Click here to read the second part of our interview with Ron Moore about Battlestar Galactica, where he discusses reviving the Battlestar Pegasus (without blowing it up an episode later) and… curing cancer!
The interview mentioned is here:
Galactica: Curing Cancer and Saving Battlestars!
Written by Scott Collura
Thursday, 23 February 2006
In the first part of our new interview with Battlestar Galactica executive producer Ron Moore (click here to read it), we discussed tomorrow’s “Cylon POV” episode “Downloaded.” As we continue our discussion here with the showrunner, we take a look back at some of the plot threads that took place earlier this season. First up: President Laura Roslin’s recovery from terminal cancer.
“The question was how do we deal with her ongoing illness and resolve that storyline,” recalls Moore of the episode “Epiphanies.” “Baltar finds this connection between certain Cylon cells and how that can be used to cure Laura’s cancer. It [doesn’t] necessarily take off the table the possibility of the cancer coming back. It’s essentially gone, but I’m sort of holding it on the table that it could recur, it could come back. It’s cancer and sometimes you feel like you’re clean and it can come back at some future point.”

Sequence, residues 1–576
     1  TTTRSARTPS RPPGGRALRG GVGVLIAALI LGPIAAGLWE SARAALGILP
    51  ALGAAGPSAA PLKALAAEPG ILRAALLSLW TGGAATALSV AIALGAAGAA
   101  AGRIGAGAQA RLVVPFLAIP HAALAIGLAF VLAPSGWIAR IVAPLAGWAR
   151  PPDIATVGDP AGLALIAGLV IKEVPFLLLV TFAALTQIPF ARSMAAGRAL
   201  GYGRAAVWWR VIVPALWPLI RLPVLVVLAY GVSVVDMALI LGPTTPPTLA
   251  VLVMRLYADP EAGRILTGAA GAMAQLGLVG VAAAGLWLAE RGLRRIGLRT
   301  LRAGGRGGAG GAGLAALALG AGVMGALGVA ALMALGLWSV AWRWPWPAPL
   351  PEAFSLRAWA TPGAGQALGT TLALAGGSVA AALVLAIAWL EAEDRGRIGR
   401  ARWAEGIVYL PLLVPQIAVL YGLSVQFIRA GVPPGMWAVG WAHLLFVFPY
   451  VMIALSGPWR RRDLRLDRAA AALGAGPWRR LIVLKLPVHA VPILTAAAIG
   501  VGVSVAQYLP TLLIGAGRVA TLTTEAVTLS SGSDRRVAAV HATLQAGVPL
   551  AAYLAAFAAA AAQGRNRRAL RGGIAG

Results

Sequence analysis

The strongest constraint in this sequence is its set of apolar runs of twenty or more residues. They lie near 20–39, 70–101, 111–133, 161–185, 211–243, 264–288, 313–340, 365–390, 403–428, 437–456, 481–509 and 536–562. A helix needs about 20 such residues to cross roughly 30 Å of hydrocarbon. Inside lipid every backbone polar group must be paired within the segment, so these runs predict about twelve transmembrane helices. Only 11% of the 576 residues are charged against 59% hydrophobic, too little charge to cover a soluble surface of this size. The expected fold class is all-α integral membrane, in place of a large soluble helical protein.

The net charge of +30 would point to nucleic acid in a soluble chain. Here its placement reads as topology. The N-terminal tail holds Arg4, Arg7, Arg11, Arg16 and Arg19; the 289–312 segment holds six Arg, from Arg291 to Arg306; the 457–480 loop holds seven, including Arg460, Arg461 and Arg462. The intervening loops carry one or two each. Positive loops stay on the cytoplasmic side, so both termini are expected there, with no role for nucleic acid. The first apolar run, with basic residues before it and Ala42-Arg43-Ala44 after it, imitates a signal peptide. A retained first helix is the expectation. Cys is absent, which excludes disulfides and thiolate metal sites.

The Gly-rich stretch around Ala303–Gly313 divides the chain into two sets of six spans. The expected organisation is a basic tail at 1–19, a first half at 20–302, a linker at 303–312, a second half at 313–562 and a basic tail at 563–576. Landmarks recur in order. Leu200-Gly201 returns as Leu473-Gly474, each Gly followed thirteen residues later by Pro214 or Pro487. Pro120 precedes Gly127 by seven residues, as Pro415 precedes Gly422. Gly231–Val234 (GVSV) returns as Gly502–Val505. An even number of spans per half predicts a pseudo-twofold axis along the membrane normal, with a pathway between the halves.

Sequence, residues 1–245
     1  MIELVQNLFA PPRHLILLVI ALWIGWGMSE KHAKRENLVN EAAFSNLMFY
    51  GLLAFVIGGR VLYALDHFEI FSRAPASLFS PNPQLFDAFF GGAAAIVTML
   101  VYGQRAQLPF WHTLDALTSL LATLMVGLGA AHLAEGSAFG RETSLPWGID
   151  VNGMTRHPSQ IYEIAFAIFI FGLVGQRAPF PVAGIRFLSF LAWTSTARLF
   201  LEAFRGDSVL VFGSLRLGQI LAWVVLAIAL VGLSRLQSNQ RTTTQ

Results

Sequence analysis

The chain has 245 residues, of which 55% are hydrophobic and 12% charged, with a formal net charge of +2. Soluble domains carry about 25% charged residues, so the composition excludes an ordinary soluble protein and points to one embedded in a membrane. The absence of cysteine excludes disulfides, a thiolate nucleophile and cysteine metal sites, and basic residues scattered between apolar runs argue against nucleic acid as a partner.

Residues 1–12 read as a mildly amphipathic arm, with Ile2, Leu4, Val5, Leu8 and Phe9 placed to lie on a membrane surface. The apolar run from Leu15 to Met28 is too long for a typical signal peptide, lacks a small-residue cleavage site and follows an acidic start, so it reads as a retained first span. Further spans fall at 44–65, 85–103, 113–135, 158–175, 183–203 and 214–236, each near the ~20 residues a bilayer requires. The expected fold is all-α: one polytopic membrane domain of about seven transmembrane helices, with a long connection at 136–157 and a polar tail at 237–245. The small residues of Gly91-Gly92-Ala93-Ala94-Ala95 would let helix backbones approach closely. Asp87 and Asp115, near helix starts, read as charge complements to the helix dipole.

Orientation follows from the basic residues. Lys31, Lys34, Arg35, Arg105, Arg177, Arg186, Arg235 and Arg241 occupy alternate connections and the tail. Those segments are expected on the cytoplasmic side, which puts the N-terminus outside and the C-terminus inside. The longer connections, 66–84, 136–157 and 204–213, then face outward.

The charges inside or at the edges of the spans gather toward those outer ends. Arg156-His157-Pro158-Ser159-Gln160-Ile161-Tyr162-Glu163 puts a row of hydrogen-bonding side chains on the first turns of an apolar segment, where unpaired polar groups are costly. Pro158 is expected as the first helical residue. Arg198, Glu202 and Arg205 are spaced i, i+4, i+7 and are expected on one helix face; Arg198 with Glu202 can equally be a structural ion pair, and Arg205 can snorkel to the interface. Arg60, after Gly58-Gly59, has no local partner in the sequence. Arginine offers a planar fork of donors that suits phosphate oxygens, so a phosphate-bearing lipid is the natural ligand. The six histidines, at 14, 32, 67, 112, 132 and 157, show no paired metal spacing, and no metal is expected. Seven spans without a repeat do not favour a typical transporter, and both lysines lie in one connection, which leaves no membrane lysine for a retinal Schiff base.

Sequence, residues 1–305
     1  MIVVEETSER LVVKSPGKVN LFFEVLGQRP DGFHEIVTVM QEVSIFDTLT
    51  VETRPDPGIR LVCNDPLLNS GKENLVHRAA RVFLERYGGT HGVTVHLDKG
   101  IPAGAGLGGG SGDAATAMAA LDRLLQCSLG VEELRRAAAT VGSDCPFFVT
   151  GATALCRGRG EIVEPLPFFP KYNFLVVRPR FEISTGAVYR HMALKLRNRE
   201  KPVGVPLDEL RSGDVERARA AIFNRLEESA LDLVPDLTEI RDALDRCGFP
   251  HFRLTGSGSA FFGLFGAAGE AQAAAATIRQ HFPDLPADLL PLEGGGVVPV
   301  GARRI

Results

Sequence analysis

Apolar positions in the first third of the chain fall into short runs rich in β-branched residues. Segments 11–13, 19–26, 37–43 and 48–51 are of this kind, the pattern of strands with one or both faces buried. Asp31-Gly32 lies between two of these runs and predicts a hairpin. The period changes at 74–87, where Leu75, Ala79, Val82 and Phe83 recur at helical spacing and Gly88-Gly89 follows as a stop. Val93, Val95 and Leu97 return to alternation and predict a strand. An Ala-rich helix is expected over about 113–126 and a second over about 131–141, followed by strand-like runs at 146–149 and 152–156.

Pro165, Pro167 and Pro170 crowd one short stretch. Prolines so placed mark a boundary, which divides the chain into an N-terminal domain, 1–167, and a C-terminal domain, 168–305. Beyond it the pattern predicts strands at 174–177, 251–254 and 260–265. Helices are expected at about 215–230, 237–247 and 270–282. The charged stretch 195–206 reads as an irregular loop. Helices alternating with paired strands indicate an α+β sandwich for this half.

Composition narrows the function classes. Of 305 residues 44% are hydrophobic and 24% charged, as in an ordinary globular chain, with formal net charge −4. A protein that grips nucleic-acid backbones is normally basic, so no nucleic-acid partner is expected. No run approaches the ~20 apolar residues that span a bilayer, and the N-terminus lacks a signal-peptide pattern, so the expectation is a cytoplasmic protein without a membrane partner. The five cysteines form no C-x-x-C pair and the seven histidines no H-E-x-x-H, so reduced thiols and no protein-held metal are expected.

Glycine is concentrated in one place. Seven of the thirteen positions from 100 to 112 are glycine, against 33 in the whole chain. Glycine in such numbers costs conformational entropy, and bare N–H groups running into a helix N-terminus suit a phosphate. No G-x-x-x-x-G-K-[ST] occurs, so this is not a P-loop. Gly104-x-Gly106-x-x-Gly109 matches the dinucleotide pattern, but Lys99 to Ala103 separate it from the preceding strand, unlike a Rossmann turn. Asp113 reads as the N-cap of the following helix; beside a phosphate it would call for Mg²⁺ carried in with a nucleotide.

For a standard sci-fi TV show it wouldn’t be so surprising for a character to be cured with a script-writer’s snap of the fingers, but for Galactica, which depends greatly on its “realism” (albeit in a sci-fi world), it’s a far trickier plot twist to pull off.
“This particular storyline just really couldn’t drag on indefinitely,” continues Moore. “There was a point where it starts to become false, because you realize, ‘Is she dying or isn’t she?’ It was a terminal prognosis and she’s either going to die or they have to do something about it. And I didn’t want it to be [a cure] from within Colonial science, or some new alien who would show up, or some sort of deus ex machina device. And there was a nice symmetry to the fact that the unborn Cylon child, which is where the blood comes from, that there was something in that that would then be used to help Laura. And that Baltar would be the one to figure that out. All the puzzle pieces seemed to play out pretty well, so I like the way that worked itself into the storyline.”